Air Plant Care Sheet
Tillandsia is the largest genus in the bromeliad family, accounting for approximately 550 of the over 2500 species of bromeliads. Tillandsia plants are commonly known as air plants. They are native to the warmer climates of the Americas and are found from jungle rain forest, from arid desert environments and from sea level to high mountain regions.
Most Tillandsia species use their root systems to attach themselves to trees or rocks and absorb moisture and nutrients through their leaves. This classifies them as epiphytes. Absorption occurs through small scales on their leaves called trichomes. These trichomes are what give many air plants their silver or gray appearance.
Tillandsia air plants are one of the easiest plants to keep alive, indoors. For starters, they don’t even need soil! They absorb water and nutrients through scales on their leaves. Although, just like succulents and orchids, some people have trouble keeping them alive. First, dunking them in water is best. You’d think spritzing your tilly every few days would be enough, but that isn’t always the case. I suggest to dunk them in a container once a week. A container that is large enough to fully submerge them, and let them sit there for 15 minutes up to 3 hours.
Always air dry. After they soak, they need to dry out fully. Shake off any excess water and put them in a bright spot for at least 4 hours. This is key, as dampness is the main foe of an air plant. Bright filtered or indirect light is ideal for indoor air plants. Some direct sun works too (morning is better), but they shouldn’t be baking all day.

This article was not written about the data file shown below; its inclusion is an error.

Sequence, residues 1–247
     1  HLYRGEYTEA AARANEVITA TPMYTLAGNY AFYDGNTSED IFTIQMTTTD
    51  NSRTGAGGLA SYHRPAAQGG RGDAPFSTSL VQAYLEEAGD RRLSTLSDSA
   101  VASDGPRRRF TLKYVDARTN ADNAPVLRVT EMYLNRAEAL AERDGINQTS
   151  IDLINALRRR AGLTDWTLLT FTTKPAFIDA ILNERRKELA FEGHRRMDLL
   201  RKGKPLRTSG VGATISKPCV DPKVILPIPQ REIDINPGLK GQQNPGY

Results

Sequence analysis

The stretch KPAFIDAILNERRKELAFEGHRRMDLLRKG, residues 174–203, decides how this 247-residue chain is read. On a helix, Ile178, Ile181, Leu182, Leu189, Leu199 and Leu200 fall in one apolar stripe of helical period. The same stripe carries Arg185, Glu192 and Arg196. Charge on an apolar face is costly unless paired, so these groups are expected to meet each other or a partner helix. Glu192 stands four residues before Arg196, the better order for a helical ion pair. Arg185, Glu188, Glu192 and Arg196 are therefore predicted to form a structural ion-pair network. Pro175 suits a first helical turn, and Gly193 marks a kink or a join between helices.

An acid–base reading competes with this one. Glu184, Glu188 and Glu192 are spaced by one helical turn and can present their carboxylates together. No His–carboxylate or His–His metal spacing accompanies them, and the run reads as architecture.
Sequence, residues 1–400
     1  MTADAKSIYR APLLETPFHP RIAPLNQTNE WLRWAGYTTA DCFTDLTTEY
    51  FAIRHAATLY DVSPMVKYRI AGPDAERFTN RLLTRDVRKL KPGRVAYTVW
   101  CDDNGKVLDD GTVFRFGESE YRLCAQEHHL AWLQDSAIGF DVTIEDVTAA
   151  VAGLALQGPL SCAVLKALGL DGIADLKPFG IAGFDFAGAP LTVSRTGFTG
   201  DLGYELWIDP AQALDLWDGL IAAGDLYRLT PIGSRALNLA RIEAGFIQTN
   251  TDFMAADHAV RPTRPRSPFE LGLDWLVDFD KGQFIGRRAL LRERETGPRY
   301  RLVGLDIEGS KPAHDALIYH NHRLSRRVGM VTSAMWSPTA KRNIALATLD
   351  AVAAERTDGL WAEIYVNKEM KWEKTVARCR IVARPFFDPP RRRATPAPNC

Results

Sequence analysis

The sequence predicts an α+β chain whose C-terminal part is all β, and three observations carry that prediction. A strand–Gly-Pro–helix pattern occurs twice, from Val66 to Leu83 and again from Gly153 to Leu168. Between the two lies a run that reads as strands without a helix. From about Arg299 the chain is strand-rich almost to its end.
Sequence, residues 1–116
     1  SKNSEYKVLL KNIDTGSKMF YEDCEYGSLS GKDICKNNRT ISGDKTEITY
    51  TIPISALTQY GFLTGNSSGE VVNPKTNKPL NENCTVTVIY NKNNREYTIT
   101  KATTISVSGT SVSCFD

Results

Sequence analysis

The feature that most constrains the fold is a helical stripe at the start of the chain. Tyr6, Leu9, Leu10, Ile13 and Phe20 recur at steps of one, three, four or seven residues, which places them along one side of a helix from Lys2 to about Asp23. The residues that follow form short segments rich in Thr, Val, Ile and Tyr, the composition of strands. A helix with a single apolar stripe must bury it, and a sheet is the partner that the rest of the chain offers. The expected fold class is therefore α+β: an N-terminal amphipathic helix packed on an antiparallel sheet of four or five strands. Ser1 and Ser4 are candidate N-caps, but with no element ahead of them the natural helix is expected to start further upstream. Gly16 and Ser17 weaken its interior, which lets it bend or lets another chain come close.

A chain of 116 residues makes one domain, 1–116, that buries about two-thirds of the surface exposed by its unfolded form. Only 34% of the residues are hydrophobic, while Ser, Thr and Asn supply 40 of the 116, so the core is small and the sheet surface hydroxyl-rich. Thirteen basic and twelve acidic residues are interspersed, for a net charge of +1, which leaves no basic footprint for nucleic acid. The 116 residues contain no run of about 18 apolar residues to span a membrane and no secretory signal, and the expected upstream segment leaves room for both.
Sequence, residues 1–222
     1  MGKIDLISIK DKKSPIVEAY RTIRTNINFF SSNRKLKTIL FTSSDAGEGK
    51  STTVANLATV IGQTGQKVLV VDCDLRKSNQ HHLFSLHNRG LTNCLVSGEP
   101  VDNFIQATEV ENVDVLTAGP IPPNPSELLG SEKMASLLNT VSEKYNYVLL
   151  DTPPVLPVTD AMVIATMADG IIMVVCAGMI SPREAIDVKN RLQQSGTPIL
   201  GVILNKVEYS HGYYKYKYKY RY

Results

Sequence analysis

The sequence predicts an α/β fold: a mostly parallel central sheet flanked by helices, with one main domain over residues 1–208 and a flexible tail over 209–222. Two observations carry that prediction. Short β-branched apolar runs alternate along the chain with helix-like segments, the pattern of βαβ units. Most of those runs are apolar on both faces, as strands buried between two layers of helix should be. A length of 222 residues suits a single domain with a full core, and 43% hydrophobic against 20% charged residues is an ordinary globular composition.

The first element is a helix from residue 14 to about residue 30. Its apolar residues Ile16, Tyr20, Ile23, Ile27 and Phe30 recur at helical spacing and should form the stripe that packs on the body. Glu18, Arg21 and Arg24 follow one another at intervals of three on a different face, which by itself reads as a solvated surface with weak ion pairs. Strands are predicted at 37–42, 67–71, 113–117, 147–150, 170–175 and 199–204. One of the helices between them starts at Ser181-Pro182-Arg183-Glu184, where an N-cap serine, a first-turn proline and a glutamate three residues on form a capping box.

Plants get hungry, too! For amazing looking plants, feed your plants once a month by adding fertilizer to the water mix. I suggest using a bromeliad mix (air plants are in the bromeliad family), and try not to overdo it! Plants can burn from too much fertilizer.
Air plants are happy with a wide range of temps, from the 50s to the 90s. Although, the hotter and drier the air, the more often you’ll have to water them.
Tillandsia reproduce by pups. Pups are sent out from the base of the plant. In some plants, it is not unusual to see 4 to 8 pups, which appear before, during or after bloom. Young plants can be separated from the mother when they are about 1/2 the parent’s size, and will mature
in about one year.
Tillandsia blooms are as diverse and beautiful as any plant. The bloom itself can last anywhere from a few days to a year in some of the slower growing plants.